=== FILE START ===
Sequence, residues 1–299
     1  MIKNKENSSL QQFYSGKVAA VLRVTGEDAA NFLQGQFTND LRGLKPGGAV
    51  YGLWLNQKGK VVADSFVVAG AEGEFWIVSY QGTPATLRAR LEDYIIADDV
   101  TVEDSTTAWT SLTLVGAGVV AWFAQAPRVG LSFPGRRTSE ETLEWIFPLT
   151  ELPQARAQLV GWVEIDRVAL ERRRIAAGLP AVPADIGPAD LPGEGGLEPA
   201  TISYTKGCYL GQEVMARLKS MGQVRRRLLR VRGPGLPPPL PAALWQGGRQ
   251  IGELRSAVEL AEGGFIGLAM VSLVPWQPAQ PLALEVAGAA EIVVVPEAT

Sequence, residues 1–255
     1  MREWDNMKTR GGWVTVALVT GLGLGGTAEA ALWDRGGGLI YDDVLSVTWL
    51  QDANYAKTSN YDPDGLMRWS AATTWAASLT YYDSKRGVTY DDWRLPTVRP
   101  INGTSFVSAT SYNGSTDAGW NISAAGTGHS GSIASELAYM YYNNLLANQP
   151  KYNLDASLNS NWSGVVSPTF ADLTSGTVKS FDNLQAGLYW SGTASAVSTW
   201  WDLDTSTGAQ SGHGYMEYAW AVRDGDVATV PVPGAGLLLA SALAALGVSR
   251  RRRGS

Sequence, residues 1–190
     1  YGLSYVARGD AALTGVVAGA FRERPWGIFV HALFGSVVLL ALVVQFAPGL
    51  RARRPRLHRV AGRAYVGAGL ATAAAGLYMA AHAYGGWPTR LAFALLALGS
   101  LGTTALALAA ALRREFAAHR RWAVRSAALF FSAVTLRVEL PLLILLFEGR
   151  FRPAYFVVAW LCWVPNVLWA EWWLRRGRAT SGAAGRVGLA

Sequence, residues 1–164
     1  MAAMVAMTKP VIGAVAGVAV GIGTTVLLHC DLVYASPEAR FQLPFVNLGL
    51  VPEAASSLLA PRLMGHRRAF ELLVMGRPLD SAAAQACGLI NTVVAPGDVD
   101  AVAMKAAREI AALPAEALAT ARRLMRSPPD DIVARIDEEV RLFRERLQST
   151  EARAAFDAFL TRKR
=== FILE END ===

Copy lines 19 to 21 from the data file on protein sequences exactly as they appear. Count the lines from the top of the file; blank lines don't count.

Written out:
   151  FRPAYFVVAW LCWVPNVLWA EWWLRRGRAT SGAAGRVGLA

Sequence, residues 1–164
     1  MAAMVAMTKP VIGAVAGVAV GIGTTVLLHC DLVYASPEAR FQLPFVNLGL